Critical Perspectives on the Evolution of American and British Banking
Edited by Matthew Hollow, Folarin Akinbami and Ranald Michie
Chapter 6: Demutualization and risk: the rise and fall of the British building society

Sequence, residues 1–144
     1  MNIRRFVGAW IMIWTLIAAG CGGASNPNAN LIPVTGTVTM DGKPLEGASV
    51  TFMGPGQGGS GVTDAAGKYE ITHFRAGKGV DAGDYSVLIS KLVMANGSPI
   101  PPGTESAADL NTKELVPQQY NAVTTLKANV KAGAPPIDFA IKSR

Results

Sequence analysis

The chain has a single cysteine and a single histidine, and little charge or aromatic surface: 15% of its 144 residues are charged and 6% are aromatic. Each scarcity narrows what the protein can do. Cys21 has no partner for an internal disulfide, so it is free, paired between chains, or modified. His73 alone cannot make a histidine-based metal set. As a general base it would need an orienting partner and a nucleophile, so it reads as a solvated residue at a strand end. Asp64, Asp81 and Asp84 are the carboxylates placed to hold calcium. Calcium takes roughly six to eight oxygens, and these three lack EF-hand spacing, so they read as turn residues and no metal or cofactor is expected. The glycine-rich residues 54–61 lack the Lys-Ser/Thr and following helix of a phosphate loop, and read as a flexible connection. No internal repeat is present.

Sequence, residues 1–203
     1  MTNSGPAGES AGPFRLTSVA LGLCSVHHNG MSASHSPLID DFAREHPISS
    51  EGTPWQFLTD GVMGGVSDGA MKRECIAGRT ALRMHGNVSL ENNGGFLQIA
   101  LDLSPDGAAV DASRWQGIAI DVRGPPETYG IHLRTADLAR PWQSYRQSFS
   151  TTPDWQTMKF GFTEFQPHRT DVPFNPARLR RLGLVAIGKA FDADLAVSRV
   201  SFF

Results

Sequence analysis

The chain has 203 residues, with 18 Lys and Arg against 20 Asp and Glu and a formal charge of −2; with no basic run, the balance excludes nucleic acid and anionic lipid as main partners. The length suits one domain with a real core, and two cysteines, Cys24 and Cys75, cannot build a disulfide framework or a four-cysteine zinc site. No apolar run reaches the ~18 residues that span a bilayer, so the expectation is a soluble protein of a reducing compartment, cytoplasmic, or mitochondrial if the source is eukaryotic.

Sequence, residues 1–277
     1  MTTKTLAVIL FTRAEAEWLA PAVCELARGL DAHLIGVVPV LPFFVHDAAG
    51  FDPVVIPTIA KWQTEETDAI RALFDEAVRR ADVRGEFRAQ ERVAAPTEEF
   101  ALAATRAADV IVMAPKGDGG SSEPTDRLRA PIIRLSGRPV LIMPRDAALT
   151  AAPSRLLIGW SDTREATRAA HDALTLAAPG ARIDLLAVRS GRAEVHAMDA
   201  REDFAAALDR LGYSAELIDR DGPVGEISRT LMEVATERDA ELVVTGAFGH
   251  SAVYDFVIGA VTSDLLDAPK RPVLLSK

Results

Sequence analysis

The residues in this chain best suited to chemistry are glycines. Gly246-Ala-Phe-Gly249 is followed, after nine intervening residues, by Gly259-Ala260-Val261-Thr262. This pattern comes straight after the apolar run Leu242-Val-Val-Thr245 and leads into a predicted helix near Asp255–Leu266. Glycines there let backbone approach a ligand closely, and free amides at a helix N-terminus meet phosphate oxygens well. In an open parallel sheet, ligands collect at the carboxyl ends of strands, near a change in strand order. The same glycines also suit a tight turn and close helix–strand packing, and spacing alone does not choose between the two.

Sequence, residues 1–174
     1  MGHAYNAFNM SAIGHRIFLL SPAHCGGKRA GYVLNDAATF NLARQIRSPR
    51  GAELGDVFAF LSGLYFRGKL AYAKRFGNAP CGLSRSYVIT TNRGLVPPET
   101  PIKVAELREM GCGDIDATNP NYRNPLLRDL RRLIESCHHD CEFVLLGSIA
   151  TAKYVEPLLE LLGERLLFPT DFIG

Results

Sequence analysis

This chapter charts the development of the mutually owned building society in the UK as a means of providing a small and simple range of financial services to consumers in the nineteenth, twentieth and twenty-first centuries. The decline of the size of the sector in the late twentieth century is described, and this is identified as an unforeseen consequence of a small legal change in the Building Societies Act 1986 which permitted conversion of a mutual building society into a registered limited company with a share capital. The large number of consequent conversions and takeovers is noted. A legal change which was motivated by a desire to increase competition for consumers, in fact resulted in a reduction in competition and in the removal from the marketplace of financial services providers who had a simple and distinct product offering and ethos. Some restrictive features of building society legislation are identified and comments are made about the consequent financial stability of these necessarily conservative entities.
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